Treat for LME students: Fireside chat with alumnus Ross Lawrence 

Exclusive event for Lassonde Mineral Engineering students:
Fireside chat with Ross Lawrence (GeoE 5T6), recently inducted into the Canadian Mining Hall of Fame

A photo of the attendees from the Ross Lawrence (GeoE 5T6) Fireside Chat on Wednesday, January 17, 2024 on the fourth floor of the Lassonde Mining Building at the University of Toronto. The event with special alumnus guest speaker, a recent inductee into the Canadian Mining Hall of Fame (CMHF), was hosted by the Department of Civil & Mineral Engineering for largely undergraduate Lassonde Mineral Engineering Students. (Photo by Phill Snel, CivMin)

The Department had the pleasure of holding a unique event with alumnus Ross Lawrence (GeoE 5T6), who was recently inducted into the Canadian Mining Hall of Fame.

Prof. John Harrison (L) gestures to Ross Lawrence during the Fireside Chat event on Wednesday, January 17, 2024. (Photo by Phill Snel, CivMin)

He graciously agreed to share his career and life experiences with us during an intimate “fireside chat” on Wednesday, January 17. This exclusive event for our Min students, supported by Engineering Advancement, included a light fare reception following the talk.

After a welcome from CivMin Chair Professor Marianne Hatzopoulou, along with insightful perspective on the impact of mining on Indigenous communities at home and abroad, the talk was moderated by Professor John Harrison.

Lawrence’s career, spanning decades, included consulting on mining projects around the world. As a founding partner of Watts, Griffis, and McOuat Limited (WGM) in 1962, his career saw work in more than 100 countries, and established offices in Australia, England, Alaska, Saudi Arabia, Yemen, Iran, and Indonesia.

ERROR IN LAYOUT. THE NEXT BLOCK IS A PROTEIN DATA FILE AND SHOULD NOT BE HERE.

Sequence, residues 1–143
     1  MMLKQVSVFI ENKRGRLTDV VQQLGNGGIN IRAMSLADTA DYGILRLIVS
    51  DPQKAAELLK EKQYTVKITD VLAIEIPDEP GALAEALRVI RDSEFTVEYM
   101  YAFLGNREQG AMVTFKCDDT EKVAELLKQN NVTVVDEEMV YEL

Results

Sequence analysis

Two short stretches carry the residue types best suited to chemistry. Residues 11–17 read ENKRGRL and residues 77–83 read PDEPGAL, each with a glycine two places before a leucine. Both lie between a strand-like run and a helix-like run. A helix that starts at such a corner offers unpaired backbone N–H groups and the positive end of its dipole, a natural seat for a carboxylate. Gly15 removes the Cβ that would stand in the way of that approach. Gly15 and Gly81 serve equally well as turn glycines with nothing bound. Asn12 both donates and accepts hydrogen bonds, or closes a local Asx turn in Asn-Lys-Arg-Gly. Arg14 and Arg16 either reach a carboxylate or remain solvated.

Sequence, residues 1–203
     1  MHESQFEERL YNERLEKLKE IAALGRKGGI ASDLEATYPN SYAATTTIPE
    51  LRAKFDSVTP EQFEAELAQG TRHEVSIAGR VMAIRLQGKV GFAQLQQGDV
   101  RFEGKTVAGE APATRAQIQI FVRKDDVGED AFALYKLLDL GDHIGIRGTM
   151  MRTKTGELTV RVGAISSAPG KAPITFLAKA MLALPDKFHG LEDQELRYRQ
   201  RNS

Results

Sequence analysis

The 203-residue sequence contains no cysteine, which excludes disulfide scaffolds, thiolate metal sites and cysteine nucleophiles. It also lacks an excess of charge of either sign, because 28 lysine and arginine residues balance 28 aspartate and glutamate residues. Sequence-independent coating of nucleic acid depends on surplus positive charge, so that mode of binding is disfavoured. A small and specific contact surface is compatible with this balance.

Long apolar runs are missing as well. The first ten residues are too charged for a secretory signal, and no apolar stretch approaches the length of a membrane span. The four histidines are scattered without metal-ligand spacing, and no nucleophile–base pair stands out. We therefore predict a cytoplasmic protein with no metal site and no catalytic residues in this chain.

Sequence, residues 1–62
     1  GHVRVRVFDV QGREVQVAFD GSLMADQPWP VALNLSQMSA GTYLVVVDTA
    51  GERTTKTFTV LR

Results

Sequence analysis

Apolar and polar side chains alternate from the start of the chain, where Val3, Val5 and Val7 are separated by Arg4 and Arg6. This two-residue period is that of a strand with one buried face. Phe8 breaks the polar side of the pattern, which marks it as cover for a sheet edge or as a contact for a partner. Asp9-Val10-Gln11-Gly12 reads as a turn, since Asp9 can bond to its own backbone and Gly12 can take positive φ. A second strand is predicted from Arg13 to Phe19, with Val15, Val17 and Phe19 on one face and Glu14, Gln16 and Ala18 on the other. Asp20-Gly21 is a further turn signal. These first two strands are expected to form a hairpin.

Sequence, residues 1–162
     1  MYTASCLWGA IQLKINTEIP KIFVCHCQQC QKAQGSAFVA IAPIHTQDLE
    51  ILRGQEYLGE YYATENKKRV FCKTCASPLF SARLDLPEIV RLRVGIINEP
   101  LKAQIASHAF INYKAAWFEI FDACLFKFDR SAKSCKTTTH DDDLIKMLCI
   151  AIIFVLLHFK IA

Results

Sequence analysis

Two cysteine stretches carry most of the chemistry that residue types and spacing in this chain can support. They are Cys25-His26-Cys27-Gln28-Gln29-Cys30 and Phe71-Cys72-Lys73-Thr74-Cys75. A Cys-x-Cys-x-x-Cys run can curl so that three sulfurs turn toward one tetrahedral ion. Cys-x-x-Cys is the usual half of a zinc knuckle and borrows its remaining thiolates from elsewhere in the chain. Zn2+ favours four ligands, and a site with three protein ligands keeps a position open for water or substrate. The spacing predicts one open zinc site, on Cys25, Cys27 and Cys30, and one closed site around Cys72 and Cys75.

Of his notable technical contributions, was the introduction of a method for diamond drilling 12-inch diameter core. It allowed for bulk sampling, which had previously not been possible.

Lawrence and his fellow classmates led a fundraising campaign to establish the Class of 5T6 Engineering Award of Merit, for outstanding engineering students at U of T. He also championed Mining Matters, devoted to educating students and the public about the impact of the mining industry for Canada.

As a historical frame of reference, Lawrence emphasized how the little town of Cobalt, Ont. led the way to make it possible for Canada to take the world stage in mining. The hard rock mine saw the Cobalt Silver rush begin in 1903, when huge veins of silver were discovered, eventually leading to the Cobalt area mines producing some 460 million ounces of silver. It was this influx of capital which directly led to the funding of so many of the major Canadian mining projects which followed. Lawrence also provided attendees with the bonus of signed copies of his book, Have Bag, Will Travel.